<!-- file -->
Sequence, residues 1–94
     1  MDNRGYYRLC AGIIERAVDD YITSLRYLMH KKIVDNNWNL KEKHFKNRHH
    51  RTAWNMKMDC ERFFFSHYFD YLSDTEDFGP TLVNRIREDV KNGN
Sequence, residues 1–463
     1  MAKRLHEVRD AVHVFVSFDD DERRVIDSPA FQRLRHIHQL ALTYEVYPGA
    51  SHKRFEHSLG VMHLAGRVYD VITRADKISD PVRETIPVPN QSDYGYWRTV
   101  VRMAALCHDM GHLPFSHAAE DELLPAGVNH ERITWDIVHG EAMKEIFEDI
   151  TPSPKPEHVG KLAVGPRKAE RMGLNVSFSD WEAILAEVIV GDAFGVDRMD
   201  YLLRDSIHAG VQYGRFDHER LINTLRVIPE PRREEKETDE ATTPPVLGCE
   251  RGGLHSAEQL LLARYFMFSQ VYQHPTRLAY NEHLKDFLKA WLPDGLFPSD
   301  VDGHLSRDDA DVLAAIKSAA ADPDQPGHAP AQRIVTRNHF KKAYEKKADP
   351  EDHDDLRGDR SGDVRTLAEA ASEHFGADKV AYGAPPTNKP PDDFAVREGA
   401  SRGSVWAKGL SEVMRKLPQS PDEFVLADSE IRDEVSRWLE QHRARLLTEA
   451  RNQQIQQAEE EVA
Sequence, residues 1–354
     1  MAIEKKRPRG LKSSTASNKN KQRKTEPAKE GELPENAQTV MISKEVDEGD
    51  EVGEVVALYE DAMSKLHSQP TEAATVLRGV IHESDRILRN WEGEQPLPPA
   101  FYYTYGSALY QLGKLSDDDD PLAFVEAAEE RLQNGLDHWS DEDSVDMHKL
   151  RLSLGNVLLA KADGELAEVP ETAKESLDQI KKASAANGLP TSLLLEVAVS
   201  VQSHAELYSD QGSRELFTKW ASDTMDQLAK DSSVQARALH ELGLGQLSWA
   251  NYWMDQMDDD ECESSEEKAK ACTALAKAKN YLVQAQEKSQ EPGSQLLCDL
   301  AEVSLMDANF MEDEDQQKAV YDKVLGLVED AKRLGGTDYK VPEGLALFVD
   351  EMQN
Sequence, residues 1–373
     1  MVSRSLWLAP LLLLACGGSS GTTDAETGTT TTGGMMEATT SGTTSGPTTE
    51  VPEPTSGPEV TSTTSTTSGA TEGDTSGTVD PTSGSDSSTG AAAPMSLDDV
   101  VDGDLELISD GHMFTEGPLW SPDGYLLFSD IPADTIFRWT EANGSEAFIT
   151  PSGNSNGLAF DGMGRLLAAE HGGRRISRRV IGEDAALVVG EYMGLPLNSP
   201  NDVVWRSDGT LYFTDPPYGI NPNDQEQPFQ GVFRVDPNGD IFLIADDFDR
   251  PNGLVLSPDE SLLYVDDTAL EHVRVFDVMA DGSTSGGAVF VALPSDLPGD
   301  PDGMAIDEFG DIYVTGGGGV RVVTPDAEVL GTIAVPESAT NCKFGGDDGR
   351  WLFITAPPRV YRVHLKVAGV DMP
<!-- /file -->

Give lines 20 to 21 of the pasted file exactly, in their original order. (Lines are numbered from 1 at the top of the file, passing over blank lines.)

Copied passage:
   201  VQSHAELYSD QGSRELFTKW ASDTMDQLAK DSSVQARALH ELGLGQLSWA
   251  NYWMDQMDDD ECESSEEKAK ACTALAKAKN YLVQAQEKSQ EPGSQLLCDL